Selling your intelectual property - Extremely serious consequences that may arise

Two contentious cases: what every IP–proprietor ought to know before commercialising any IP

The phrase "Intellectual Property" ("IP") embraces a number of different legal instruments. Some of the better-known examples include: patents, designs, trade marks and copyright. These are regarded in our law as a type of asset. As such, the sale of IP is treated very similarly to the sale of other types of asset.

However, there are differences between IP and other assets, and their consequences are significant – in some case, these are fatal to an entire transaction. In the IP domain, the very nature of these assets alone automatically triggers certain limitations in the Income Tax Act and in the Exchange Control Regulations when IP is sold. In this article, we consider two of the most topical, and contentious consequences that may arise.

The purpose of this article is to provide a timely warning against rushing into IP commercialisation without a thorough consideration of the possible consequences beforehand. More specifically, both scenarios look at commercialisation involving some form of sale of IP to a foreigner.

Scenario 1: Sale of IP to a non-resident
If you intend selling IP that you've developed to a foreigner, then beware the Exchange Control Regulations. These sales occur commonly, but not exclusively, in inter-group arrangements, typically, where a foreign parent–company funds its South African subsidiary to conduct R&D in South Africa, and requires that ownership of the R&D should be assigned to it (the parent company).

Click here: for our discussion on the brand new Protec judgment, in which our courts have made some very important promouncements on this contentious topic.

The consequences of non-compliance are simply too costly to contemplate, and the message is clear: in these transactions, there's no substitute for obtaining expert advice in advance.

Scenario 2: Sale and lease-back of IP
Scenario 1 considers transactions that incorporate the sale of IP to a non-resident. Let's explore the issue further: what consequences arise in a foreign-sale-and-leaseback scenario?

If you're a South African taxpayer, and you pay royalty fees for the right to use IP (eg: licensing of a trade mark or computer software), then you're probably claiming a tax deduction for that expenditure (If you're not claiming a deduction – you ought to be!) See our discussion on IP-based Tax Incentives. In an extremely complicated and aggressive introduction to the Income Tax Act recently, severe limitations have been placed on those deductions.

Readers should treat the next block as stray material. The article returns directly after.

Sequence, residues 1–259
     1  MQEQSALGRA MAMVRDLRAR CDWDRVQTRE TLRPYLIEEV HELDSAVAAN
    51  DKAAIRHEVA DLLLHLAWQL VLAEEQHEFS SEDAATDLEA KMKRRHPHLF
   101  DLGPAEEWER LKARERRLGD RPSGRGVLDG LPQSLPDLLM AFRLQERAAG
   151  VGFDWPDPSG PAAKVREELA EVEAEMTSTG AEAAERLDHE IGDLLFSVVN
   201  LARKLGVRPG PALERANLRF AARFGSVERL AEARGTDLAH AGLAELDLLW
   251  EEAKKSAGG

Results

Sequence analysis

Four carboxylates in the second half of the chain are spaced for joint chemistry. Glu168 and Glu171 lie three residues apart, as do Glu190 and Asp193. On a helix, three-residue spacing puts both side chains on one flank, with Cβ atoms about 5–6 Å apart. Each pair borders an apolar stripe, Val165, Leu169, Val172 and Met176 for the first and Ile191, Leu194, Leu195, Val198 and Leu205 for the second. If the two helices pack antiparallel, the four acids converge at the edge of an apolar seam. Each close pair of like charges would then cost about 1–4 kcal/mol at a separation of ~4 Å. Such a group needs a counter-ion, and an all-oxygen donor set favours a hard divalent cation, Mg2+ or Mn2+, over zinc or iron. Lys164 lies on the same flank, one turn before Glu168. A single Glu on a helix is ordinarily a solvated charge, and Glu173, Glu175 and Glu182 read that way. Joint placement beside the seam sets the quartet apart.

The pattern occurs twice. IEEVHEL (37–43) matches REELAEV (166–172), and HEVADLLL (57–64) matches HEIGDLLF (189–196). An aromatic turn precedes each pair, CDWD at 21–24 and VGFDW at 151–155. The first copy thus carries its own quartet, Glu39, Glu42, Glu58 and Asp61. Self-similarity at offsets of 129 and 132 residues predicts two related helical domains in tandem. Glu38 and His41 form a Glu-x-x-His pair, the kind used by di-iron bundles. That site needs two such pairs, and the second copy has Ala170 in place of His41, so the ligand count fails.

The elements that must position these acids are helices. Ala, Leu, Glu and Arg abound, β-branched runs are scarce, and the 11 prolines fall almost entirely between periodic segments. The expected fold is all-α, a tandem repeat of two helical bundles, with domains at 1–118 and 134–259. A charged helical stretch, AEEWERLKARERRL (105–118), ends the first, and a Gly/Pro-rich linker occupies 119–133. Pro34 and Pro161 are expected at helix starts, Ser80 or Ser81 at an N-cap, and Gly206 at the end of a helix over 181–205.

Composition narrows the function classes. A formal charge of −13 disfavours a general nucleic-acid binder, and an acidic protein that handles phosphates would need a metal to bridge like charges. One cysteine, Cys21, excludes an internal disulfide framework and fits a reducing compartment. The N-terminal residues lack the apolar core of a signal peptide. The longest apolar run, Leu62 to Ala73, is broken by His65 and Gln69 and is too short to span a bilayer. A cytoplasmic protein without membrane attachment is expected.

At its most simple level, this limitation is focused on cases where IP is sold to a foreigner, and then licensed back to a South African taxpayer. Again, this occurs commonly, but not exclusively, in the inter-group arrangements described above, where the foreign parent–company licenses its subsidiary to use the IP that was created and sold to it. There are a number of different commercial transactions and sophisticated structures that will be caught in the net cast by the new limitation. This discussion can become extremely complicated, and no more is said of it here. However, for more information, download our article on this aspect.

Not all license agreements will be affected by this development. For those cases that are affected, the size of the limitation will vary between cases, depending on other issues relating to double taxation treaties. In the worst-case-scenario, the entire deduction that was allowed previously will now be excluded in its entirety. In the best-case-scenario, only one third of the previous allowance will be permitted.

If you suspect that you're likely to be affected by this, you may want to take expert advise on the issue, and consider strategies for minimising your exposure to this limitation. Similarly, if you're about to enter into a commercialisation transaction involving IP, it would be prudent to take advice on how the transaction may be structured most efficiently, in order to minimise your tax burden.

If this has been of interest to you, and if we can be of assistance, you're very welcome to contact us.

This article is intended to provide a brief sketch of certain principles. It is not intended to be a comprehensive statement of the law, nor does it constitute an opinion or guarantee of any kind, and should not be construed as such. It should not be relied upon as a substitute for specific advice regarding particular scenarios. Margo® Attorneys, Inc. cannot accept responsibility for the consequences of any person relying on the contents of this document for any other purpose.